One of the serious types of damage to the leaf apparatus of plants is damage caused by larvae of mining flies and moths, or leaf miners. The females of these pests are armed with a proboscis, with which they pierce plant tissues in order to suck food or lay eggs.
The pests themselves are yellowish-white or brownish larvae 2-3 mm long. These larvae gnaw typical mined tunnels in the leaves for several days, and then they pupate inside the leaves or on their surface.
Honeysuckle affected by leaf miner. Farmer Burea-Uinsurance.com Krzysztof Ziarnek
The pupal stage lasts from 8 to 14 days, then an adult insect hatches from it. In total, the development of an adult insect from an egg takes only three weeks.
Female miners, piercing the epidermis of the leaf, are able to carry pathogens of plant diseases, for example, such as mosaic viruses of soybeans, tobacco, celery and watermelon.
Symptoms of plant damage by leaf miners
Depending on the type of miner, larvae-gnawed passages can be found on the lower or upper side of the leaves. Most species specialize in certain plants, others mine a wide variety of plants. They affect ornamental plants, vegetables and shrubs.
The first sign of damage is small pits in the leaves – puncture marks left by females.
Methods for dealing with leaf miners
The methods of dealing with miner flies and moths at different stages of development of these insects are different.
Eggs are destroyed with paraffin-containing agents. The larvae have many natural enemies. These are, first of all, wasps, laying their eggs in miner larvae. However, they can only be used precisely and purposefully in greenhouses. Effective and multiple spraying of plants with products containing pyrethrum.
The imago (final stage of development) of miners can be caught using sticky boards or products containing pyrethrum. It should be remembered that miners quickly become resistant to all pesticides.
Attention! Pyrethrum insecticides are very harmful to health. Wear gloves and face masks when handling them! Spray either in the morning or in the evening when biological enemies such as ladybugs or riders are not active. Do not go near bodies of water.
Natural methods of struggle
Remove affected leaves. Check the plants for gouged holes and puncture marks. Cut the leaves and destroy.
Cover with a non-woven cloth. Grow vegetables and flowers under non-woven linen to prevent miners from laying their eggs on them.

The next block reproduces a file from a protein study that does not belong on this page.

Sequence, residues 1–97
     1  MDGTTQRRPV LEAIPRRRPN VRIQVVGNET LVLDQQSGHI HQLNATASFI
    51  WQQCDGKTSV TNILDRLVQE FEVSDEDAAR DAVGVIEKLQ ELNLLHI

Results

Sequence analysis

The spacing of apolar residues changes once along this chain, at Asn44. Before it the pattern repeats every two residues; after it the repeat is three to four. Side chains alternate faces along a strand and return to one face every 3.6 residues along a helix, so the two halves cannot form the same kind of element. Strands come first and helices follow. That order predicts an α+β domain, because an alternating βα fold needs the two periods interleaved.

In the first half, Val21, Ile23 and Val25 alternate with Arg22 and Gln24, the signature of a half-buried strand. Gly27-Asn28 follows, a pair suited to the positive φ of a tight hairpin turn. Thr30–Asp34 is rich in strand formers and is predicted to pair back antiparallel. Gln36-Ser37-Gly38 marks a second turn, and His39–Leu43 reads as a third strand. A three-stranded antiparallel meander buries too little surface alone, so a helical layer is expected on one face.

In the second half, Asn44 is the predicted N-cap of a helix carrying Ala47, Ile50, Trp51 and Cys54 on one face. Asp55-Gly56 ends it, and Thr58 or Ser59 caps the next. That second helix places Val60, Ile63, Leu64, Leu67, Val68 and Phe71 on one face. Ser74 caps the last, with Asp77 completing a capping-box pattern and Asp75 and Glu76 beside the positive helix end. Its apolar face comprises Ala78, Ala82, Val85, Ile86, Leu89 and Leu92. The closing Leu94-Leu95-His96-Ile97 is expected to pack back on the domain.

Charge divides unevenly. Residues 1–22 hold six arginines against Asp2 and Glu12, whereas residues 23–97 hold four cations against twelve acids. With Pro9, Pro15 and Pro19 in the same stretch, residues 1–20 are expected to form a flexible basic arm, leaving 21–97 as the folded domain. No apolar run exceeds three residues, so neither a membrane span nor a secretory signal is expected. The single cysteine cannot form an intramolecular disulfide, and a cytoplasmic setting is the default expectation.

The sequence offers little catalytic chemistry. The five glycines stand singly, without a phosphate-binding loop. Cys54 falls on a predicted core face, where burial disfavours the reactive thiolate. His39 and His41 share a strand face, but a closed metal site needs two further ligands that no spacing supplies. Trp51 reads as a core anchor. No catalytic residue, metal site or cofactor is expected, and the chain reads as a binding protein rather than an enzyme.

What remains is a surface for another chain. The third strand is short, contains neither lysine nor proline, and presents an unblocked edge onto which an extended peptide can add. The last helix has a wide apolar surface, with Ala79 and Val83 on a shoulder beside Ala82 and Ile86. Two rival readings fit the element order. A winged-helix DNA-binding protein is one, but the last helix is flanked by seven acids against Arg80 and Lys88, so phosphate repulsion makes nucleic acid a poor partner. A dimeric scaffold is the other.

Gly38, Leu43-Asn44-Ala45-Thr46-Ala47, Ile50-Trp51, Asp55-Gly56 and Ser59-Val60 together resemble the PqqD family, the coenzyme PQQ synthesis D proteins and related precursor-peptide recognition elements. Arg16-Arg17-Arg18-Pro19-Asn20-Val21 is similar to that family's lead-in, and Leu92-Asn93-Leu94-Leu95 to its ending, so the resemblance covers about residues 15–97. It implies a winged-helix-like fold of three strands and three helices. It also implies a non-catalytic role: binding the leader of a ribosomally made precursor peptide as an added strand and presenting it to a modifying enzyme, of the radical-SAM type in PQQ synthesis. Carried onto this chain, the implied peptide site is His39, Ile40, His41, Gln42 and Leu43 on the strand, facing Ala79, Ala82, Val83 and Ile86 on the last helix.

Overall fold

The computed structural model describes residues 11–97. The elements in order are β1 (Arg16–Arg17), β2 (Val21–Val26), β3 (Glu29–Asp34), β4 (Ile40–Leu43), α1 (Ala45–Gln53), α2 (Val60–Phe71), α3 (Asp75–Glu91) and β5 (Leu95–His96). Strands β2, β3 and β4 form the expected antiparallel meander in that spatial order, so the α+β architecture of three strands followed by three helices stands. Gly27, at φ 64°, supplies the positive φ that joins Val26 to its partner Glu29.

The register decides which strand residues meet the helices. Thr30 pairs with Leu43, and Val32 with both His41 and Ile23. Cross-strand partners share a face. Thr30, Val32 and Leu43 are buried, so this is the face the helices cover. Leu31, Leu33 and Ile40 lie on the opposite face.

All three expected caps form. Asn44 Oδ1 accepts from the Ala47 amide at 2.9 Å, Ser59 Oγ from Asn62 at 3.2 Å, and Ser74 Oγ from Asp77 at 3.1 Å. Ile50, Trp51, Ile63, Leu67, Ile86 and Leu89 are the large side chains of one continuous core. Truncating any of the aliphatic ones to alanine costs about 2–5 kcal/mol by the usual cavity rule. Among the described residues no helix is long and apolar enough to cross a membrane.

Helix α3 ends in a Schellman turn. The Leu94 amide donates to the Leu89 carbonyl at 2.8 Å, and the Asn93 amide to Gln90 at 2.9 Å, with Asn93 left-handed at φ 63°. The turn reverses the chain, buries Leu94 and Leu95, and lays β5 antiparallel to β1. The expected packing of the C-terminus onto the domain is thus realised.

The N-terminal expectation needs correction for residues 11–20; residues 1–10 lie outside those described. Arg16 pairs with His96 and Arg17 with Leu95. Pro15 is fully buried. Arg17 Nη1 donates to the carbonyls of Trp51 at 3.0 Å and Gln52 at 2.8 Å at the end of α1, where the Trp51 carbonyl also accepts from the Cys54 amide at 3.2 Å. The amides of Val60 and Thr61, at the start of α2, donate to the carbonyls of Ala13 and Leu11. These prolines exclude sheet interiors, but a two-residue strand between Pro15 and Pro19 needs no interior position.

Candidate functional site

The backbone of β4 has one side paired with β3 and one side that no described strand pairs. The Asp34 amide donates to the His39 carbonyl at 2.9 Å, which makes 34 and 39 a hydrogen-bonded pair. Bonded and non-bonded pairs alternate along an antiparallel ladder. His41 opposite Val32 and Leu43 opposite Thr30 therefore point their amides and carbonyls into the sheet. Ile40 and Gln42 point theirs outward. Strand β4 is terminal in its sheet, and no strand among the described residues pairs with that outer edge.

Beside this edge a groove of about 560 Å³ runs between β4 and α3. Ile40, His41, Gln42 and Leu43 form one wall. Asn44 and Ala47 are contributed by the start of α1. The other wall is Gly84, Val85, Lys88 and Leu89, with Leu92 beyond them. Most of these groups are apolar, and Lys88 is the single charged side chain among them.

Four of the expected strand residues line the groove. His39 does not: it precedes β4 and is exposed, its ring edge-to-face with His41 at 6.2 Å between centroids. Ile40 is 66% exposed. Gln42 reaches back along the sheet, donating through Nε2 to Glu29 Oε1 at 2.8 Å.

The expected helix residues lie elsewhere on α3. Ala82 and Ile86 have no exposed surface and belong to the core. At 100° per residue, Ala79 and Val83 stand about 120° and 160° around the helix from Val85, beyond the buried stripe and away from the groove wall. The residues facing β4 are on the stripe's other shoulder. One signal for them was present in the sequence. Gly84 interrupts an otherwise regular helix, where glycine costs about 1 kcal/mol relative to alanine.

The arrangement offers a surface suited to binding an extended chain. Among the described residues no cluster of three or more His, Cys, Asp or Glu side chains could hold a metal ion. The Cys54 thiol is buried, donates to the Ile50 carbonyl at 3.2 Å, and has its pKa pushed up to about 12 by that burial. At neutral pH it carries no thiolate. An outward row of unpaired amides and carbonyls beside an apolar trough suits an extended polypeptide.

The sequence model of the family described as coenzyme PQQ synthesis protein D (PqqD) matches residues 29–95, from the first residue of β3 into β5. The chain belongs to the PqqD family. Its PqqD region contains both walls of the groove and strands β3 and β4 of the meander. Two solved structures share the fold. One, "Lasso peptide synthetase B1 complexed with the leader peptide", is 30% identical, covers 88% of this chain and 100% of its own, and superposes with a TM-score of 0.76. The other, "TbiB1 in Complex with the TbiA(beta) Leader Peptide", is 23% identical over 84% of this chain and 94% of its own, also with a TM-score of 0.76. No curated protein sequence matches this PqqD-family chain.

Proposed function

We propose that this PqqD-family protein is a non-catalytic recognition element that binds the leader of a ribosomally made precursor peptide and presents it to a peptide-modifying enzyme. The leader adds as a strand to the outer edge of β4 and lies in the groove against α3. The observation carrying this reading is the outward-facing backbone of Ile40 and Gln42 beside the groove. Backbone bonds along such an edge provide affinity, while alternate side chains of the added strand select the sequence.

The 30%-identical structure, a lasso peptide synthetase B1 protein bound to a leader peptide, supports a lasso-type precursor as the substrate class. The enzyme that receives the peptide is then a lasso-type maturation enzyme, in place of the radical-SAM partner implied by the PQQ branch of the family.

Spray with spring oil. The oil can only be used on plants with strong leaves.
Introduce riders into the greenhouse. You can purchase them at specialized gardening stores.
Insecticide control methods
If a miner fly or moth is found, insecticides should not be applied immediately. Use them only in case of an especially severe injury. Spray products containing pyrethrum are effective. However, spraying will have to be carried out several times in a row. Spray five to six times, three to five days apart.
Flies and moths die after one single spray. However, their larvae are more hardy. Pupae are often not affected by insecticides at all, because in some species the pupation phase occurs in the ground. Watering the soil with products containing pyrethrum brings some success with very severe lesions.
- Cherry, Pear – Symptoms: Miner flies and moths leave light beige to brown gnawed passages on the leaves. Help: remove the affected leaves; hang up yellow planks for catching miners.
- Apple Tree – Symptoms: Miner flies and moths leave behind gnawed, serpentine, round and bubble-like passages. Help: remove the affected leaves; hang up yellow planks for catching miners.
- Rhododendron – Symptoms: Leaves traces of yellowish green caterpillars of azalea moth, reaching 1 cm in length. Help: remove the affected leaves; spray with pyrethrum; hang yellow planks.
- Holly Holly – Symptoms: Leaf miner flies leave puncture points in the leaves; mined passages left by larvae. Help: remove the affected leaves; spray with spring oil; hang yellow planks.
- Rose – Symptoms: Light puncture points and twisting gnawed passages left in the leaves by a pink mining moth. Help: remove affected leaves regularly; spray with pyrethrum; hang yellow planks.
- Zinnia – Symptoms: Leaf miner flies leave light beige gouged holes or spots on the leaves.
- Chrysanthemum – Symptoms: Leaf miner flies leave light, highly sinuous, gnawed passages in the leaves.
- Violets – Symptoms: Whitish dots and gouged holes appear on the leaves.
Help: remove the affected leaves regularly, spray with a preparation containing pyrethrum.
- Lettuce – Symptoms: Whitish puncture points and gnawed holes appear on the leaves, which have arisen from the defeat of the mining flies.
- Tomato – Symptoms: Whitish dots and gouged holes appear on the leaves.
- Cucumber – Symptoms: White dots from punctures appear on the leaves and traces of gnawing by miner flies that look like passages.
Help: let riders into the greenhouse; hang yellow planks.